Second, F1 cars have managed to get so fast (6 Gs transient lateral loads) by employment of massive levels of wing-generated downforce. But wings need to run through undisturbed air to generate maximum lift. Which makes coming out of another car’s draft to overtake it a risky manoeuver, because it takes a moment once it has left the leading car’s turbulence for the the trailing car to settle down under the new-found downforce. But if the overtaking is occurring in a corner, the trailing driver does not have the luxury of waiting even a moment for his front tyres to bite, especially since he might be clocking 200 metres every second.

    The biggest problem is that the FIA refuse to admit they had any role in overtaking ever becoming so scarce. And only they have the power to mend it.

    They have to wean F1 off the massive, multi-element wings and put it back on the path to mechanical grip: über-wide and über-sticky race tyres (which also will markedly reduce wind tunnel costs). The problem with that idea is that the cars initially likely will be substantially slower, and F1’s brand cache could never tolerate its feeder series running faster cars than it does. Which means GP2 and GP3 also would have to retool from scratch, except they don’t have big budgets like F1, so they would be none too keen on the idea.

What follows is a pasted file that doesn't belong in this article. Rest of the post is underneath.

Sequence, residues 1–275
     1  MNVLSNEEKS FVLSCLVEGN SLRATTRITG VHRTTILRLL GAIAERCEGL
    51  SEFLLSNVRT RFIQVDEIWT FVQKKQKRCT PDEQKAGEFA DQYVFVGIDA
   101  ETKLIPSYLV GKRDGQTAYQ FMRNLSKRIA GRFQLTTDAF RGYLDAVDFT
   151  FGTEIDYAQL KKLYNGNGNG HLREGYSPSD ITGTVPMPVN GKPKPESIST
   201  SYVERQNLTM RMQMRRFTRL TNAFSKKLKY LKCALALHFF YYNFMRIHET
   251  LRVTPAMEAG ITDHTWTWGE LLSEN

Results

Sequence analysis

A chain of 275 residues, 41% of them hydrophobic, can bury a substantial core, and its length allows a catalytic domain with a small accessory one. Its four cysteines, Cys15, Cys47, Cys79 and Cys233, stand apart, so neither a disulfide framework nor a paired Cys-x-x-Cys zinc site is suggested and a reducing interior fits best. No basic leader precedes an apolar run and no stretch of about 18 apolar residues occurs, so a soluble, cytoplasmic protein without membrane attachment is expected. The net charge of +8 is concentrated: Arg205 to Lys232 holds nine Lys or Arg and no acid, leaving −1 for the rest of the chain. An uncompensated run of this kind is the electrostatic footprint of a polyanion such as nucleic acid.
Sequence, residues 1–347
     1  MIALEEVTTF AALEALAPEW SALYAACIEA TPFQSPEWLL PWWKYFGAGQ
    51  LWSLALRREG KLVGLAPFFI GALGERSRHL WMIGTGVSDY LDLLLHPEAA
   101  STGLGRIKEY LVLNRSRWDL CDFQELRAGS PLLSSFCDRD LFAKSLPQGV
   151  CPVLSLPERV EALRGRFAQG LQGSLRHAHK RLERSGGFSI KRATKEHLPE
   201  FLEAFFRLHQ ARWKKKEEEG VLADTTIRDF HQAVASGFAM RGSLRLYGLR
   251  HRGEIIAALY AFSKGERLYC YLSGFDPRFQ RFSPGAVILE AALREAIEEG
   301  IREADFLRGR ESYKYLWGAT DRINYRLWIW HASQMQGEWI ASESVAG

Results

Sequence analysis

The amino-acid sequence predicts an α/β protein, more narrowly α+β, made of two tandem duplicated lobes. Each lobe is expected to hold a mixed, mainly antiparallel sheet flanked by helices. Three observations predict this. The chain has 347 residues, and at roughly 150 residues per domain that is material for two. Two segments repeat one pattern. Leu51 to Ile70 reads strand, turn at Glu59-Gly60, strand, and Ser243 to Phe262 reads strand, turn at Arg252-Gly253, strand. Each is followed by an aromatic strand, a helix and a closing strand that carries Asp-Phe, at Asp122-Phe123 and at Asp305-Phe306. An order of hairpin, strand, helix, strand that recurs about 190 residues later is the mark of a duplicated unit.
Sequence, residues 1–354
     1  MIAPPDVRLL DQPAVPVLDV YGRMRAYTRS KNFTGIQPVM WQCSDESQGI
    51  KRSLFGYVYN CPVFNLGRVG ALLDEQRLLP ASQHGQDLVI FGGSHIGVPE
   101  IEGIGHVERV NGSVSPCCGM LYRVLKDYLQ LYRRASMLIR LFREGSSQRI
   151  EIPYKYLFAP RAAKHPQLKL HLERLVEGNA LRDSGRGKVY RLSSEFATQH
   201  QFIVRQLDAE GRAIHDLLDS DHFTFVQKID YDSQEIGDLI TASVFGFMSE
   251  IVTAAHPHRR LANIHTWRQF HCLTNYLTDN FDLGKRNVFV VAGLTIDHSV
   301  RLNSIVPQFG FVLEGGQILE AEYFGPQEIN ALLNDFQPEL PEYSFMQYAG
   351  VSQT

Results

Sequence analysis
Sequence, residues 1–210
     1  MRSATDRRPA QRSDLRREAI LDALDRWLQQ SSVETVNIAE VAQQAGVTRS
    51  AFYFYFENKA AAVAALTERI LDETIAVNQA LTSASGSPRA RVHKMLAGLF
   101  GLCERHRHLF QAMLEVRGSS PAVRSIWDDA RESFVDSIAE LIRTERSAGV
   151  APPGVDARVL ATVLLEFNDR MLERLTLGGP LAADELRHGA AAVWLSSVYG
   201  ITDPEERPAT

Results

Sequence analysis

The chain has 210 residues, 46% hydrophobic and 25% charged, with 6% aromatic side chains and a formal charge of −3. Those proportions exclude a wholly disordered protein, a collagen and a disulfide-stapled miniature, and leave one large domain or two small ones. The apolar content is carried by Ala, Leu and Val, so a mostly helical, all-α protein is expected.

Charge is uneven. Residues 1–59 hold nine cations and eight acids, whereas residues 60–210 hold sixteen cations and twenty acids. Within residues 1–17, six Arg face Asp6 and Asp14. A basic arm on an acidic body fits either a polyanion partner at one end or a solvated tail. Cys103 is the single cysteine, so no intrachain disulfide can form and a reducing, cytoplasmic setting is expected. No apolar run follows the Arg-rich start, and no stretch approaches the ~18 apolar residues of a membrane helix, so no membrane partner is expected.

And the FIA have got to get over their technophobia. All new cars sold in the USA are required to have electronic stability control, but it’s a banned technology in F1. Along with ABS and traction control and active suspension and a litany of other technologies available in production cars or motorcycles. If they don’t start allowing these technologies, they run the risk of turning into another NASCAR, which disallowed fuel injection for a 27 years after the last carburetted car was made in America.

    Teams always will spend their entire budget on whatever technology is available, so limiting technology does exactly NOTHING to limit the cost of racing. And allowing the designers more latitude enables them to create a car that is unique from their competitors, which by its nature goes to the heart of the problem: the lack of performance differential.

    1. Allow designers to innovate
    2. Embrace new technologies
    3. Small, simple, single element wings with a uniform profile
    3.a. Prohibit use of frangible materials in the front wing
    4. Big, fat, sticky (non-Pirelli) tyres